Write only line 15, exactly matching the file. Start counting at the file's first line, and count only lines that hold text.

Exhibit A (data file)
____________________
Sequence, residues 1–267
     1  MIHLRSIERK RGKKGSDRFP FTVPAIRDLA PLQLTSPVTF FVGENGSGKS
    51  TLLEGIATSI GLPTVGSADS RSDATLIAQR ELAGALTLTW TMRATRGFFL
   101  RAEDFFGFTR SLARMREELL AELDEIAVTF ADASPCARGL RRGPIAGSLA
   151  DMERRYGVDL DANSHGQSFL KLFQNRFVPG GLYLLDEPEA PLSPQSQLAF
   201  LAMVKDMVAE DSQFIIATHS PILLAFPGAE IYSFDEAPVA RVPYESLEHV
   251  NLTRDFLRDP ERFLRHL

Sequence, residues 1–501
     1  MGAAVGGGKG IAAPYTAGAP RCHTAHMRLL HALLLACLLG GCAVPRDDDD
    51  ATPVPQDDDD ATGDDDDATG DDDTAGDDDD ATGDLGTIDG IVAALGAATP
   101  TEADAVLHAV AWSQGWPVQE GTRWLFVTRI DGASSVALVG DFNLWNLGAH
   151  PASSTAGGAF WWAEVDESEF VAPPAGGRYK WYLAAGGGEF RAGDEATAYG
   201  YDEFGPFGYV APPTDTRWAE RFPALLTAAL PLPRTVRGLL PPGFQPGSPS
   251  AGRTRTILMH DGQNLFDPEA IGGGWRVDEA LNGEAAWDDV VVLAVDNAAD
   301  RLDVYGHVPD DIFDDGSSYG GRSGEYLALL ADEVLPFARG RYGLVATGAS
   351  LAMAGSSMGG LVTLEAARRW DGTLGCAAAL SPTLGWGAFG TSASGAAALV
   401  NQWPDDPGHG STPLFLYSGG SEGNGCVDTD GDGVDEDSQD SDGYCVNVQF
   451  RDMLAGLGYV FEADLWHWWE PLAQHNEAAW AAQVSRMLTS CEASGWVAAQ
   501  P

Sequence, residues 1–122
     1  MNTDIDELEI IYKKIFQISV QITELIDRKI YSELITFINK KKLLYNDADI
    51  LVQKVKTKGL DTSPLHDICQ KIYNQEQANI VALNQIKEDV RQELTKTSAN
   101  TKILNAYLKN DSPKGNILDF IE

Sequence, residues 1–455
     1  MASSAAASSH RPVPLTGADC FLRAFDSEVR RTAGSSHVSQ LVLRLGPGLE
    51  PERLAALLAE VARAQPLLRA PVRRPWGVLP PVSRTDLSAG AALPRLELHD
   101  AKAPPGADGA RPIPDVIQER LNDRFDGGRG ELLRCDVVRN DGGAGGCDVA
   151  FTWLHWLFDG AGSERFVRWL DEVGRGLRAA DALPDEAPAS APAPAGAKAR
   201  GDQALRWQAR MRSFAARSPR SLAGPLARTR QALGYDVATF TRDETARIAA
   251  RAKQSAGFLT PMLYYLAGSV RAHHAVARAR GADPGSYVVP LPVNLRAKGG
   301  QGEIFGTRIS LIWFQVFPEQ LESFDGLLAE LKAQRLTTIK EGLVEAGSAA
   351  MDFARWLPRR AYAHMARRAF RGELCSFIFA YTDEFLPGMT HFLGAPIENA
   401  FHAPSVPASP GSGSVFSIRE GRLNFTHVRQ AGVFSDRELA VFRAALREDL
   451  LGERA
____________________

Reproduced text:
   301  RLDVYGHVPD DIFDDGSSYG GRSGEYLALL ADEVLPFARG RYGLVATGAS